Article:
SONG PREMIERE: Roselit Bone Collide Bar Band Glory With Cowpunk Rowdiness on “Proving Grounds”

When asking Charlotte McCaslin to describe Roselit Bone’s new record, Crisis Actor, with one word, she responds, “fucked.”

After several years of touring the US, the band has gone from relative unknowns to somewhat cult status, having perfected an infectious and powerful live show that falls somewhere between a demented Roy Orbison and an angelic Gun Club. Their anthems of loneliness, alienation, and triumph have allowed them to artfully navigate through a cluttered underground scene, captivating audiences and transfixing crowds in a nightly conversion ritual. On their newest release, they paint a picture of a world that is truly “fucked,” lacing vignettes of systemic violence, sexual confusion, and class warfare with a wry, suicidal humor straight from the gut of America. “I didn’t see the ascendancy of fascism as anything new here, so my freshest feelings of disgust were toward anyone who could point their finger in one direction and walk away with a smirk on their face.” Charlotte admits. When asked how the punk influence fits in, she smiles, “I don’t align with any genre. For me, the essence of punk is in dealing unflinchingly with the misery and violence of lower-class city life, coming out alive, and wearing your scars proudly.”

Crisis Actor’s birth can be traced back to Charlotte’s time growing up in Southern California’s Orange County; a place where economic exploitation and casual discrimination were intertwined and buried amid a sea of sunshine and palm trees. Eventually she found punk, idolizing Los Angeles bands like X and The Cramps. Nights were spent traveling to the Inland Empire (Riverside County) to witness countless shows at the Showcase, which at times would break out into bloodbaths. It was punks on punks, cops on punks. “There was always a threat of violence from skinheads, tweakers, gangs, or the cops there.” At twenty-one, Charlotte had seen enough and ditched Southern California for the more insular Pacific Northwest, picking Portland’s grayed out radius as a welcome landing spot. “Ten years ago, it was cheap and a good place to strike out on your own,” she notes. By the time she met guitarist Victor Franco and drummer Ben Dahmes, the nucleus of Roselit Bone was born.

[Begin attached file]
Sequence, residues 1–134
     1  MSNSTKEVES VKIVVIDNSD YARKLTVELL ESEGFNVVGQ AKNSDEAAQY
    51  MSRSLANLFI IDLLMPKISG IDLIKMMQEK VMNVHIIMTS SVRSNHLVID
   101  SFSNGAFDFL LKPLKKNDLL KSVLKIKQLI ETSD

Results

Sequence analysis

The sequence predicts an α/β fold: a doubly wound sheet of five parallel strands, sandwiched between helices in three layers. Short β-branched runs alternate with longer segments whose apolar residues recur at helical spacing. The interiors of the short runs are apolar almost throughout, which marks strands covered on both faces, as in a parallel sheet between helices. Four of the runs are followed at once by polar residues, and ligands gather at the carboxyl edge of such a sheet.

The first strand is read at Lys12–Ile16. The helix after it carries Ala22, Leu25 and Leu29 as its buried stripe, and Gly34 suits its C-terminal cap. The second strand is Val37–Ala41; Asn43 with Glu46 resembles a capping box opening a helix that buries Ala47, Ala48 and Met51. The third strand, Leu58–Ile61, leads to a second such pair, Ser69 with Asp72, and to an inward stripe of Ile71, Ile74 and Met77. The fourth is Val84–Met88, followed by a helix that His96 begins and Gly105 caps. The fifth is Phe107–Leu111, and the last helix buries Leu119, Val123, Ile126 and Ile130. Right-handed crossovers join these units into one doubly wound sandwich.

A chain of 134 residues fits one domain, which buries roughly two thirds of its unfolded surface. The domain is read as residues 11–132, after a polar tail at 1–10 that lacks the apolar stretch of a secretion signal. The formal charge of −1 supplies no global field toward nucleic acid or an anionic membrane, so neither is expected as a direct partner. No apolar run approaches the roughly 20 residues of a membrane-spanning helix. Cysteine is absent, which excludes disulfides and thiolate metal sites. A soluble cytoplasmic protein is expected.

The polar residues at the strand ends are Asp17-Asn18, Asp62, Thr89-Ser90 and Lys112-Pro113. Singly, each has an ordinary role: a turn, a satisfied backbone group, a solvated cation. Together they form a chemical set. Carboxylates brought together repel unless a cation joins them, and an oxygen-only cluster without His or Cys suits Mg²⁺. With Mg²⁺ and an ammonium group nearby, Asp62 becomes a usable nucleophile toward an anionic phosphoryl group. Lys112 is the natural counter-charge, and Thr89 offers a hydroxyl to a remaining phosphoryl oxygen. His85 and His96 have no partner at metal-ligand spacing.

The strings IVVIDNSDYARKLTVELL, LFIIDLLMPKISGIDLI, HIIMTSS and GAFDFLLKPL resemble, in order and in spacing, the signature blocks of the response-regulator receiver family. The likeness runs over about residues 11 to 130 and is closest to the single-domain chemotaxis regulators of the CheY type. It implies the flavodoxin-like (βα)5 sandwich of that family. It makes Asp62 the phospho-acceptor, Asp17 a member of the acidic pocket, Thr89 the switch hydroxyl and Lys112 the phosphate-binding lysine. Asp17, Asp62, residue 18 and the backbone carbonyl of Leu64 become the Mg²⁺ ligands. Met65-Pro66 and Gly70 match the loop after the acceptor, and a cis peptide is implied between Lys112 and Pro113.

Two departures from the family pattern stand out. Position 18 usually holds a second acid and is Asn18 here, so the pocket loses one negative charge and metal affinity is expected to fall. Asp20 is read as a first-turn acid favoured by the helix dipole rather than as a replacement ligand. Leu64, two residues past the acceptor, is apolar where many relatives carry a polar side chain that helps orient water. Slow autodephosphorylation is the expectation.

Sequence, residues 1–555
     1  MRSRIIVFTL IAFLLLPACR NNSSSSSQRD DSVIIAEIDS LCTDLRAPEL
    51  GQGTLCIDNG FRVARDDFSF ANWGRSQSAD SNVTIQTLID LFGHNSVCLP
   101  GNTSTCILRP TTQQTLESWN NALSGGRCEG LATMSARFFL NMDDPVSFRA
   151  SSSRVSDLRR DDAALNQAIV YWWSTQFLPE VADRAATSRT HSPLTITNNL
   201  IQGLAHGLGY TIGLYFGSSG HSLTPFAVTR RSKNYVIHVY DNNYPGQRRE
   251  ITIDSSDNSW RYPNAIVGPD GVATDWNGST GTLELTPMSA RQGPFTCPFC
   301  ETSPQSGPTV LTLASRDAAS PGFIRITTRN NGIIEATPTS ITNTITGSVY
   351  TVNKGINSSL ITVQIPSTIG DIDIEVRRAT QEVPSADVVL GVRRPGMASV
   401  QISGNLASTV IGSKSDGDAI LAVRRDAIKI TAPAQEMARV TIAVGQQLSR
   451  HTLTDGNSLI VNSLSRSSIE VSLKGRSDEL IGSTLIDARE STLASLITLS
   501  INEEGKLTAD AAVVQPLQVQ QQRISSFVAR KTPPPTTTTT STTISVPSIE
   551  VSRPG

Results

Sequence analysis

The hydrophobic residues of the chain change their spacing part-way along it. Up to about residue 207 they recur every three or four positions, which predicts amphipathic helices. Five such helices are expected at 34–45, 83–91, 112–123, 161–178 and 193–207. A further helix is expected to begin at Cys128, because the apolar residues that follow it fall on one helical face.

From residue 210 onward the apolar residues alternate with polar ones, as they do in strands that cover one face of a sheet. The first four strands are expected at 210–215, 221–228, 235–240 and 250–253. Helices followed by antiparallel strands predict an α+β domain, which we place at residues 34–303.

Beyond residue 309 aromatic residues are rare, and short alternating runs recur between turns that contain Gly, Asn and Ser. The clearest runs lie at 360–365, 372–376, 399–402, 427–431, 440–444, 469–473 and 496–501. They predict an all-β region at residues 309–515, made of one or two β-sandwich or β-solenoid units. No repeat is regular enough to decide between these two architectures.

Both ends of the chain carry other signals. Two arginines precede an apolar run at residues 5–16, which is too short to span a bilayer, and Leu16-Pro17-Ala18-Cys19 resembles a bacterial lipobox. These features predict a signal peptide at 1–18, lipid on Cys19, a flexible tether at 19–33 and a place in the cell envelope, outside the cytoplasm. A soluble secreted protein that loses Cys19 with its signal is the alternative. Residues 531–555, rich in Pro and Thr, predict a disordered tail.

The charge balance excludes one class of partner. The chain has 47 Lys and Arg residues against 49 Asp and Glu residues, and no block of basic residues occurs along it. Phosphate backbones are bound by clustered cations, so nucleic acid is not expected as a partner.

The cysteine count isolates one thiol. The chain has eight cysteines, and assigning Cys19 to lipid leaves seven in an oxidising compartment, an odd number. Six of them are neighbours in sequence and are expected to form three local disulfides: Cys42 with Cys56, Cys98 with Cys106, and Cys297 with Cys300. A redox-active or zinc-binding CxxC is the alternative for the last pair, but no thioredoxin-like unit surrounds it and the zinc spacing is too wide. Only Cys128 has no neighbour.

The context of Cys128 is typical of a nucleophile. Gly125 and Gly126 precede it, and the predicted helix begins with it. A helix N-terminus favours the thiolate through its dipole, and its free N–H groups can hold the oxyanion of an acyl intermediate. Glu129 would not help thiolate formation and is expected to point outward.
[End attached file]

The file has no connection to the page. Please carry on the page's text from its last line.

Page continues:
Crisis Actor’s arrangements are vast and ambitious, revealing a sonic, panoramic landscape where street urchins, psychedelic vaqueros, and drunken outlaws ride painted horses through a savage, dystopian, yet ultimately hopeful, punk rock future. Today Glide is excited to offer an exclusive early listen of “Proving Grounds” from the album, which is out this Friday, July 19th on Get Loud Records. While the song begins with a wash of surf guitar and brass, it quickly drops into a piano-driven bar band-meets-cow-punk of “Proving Grounds” with plenty of twangy steel guitar. The song sounds like what would happen if Bruce Springsteen went on a bender in Tijuana and decided to cut a punk-infused rocker of a tune. Like much of the songs on the album, there is a dark sense of humor and an almost joyous spirit to the tune and it’s as much a song for dancing as it is for rocking out. 

LISTEN:

Crisis Actor is out July 19th. PRE-ORDER

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